Aldrington CofE Primary School
Catchment Area, Reviews and Key Information

Primary
School Guide Rating
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Eridge Road
Hove
BN3 7QD
01273542656
Pupils
427
Ages
4 - 11
Gender
Mixed
Type
Voluntary aided school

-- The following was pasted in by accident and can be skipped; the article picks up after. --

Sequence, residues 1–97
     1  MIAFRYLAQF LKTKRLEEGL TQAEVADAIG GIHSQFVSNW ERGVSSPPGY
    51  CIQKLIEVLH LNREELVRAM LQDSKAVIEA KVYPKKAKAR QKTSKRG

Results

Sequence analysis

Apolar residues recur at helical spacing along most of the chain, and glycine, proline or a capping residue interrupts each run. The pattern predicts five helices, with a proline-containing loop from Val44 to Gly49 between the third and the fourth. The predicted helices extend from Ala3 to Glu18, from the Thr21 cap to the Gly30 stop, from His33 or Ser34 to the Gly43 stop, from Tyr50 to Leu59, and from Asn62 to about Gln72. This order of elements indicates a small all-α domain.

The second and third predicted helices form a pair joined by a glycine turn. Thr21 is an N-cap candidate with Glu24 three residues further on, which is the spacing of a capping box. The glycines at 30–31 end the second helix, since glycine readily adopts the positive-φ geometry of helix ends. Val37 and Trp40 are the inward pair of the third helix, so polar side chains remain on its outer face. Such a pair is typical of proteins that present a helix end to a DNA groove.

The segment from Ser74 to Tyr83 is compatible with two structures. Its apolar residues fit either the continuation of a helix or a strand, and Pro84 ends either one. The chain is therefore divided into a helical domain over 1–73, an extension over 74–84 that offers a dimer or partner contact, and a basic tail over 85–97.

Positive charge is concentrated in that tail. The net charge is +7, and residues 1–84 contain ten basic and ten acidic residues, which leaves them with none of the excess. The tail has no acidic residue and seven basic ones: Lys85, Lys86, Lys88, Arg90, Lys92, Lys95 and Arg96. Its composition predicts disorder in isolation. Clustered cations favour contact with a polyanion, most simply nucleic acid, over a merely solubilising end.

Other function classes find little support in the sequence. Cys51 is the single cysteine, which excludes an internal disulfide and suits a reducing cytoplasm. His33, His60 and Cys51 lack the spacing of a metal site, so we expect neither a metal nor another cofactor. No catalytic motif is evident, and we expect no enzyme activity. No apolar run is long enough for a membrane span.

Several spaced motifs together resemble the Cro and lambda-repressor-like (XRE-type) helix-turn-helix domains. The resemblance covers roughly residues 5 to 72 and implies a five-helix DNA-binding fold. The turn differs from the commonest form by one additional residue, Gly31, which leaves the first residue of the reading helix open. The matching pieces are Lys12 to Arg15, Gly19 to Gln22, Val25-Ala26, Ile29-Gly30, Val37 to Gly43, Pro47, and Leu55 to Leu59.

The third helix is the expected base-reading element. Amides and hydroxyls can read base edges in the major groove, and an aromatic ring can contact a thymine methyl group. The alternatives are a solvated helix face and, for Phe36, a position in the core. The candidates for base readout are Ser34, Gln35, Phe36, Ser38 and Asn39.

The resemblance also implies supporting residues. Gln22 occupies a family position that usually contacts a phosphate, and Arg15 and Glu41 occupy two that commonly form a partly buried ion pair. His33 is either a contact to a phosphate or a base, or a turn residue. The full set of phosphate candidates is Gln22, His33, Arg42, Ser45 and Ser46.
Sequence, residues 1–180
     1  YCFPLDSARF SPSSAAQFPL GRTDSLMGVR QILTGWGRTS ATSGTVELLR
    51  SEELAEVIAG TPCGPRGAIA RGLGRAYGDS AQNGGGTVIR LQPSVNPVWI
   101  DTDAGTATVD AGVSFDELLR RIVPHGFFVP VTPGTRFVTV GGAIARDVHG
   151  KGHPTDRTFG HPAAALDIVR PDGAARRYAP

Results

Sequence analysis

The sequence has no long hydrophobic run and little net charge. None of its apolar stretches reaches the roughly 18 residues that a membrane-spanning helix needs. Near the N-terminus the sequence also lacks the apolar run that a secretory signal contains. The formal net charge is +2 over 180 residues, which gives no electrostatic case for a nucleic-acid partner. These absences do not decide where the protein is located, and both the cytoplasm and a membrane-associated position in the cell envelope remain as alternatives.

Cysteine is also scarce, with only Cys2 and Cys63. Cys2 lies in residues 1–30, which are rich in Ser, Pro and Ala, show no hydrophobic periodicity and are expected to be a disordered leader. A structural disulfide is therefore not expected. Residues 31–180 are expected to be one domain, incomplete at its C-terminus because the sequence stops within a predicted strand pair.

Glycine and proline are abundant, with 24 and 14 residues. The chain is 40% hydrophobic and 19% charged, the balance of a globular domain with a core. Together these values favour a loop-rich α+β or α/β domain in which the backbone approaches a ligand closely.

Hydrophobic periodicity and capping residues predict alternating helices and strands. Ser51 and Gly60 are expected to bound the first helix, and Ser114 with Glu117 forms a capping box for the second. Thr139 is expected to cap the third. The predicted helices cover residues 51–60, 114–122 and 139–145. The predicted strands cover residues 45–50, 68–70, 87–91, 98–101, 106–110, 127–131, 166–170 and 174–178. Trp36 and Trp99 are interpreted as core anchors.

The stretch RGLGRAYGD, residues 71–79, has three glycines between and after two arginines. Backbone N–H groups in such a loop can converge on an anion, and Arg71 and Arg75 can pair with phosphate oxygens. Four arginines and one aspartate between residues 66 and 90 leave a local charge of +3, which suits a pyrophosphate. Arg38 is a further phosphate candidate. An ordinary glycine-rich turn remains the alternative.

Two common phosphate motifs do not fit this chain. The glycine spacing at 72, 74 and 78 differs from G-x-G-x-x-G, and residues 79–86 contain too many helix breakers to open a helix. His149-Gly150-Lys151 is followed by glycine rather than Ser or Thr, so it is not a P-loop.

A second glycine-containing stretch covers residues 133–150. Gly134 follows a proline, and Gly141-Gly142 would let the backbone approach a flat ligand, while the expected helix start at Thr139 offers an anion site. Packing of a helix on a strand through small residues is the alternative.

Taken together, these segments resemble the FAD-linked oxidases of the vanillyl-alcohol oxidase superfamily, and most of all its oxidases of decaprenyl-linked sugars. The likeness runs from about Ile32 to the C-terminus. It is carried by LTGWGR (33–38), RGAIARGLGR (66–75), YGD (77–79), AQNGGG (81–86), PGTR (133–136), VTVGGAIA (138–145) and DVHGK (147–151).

4 1 1 2 3 4
NATIONAL AVG. 2.08
Ofsted Inspection
(23/11/16)
Full Report - All Reports
58%
NATIONAL AVG. 65%
% pupils meeting the expected standard in reading, writing and mathematics
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School Description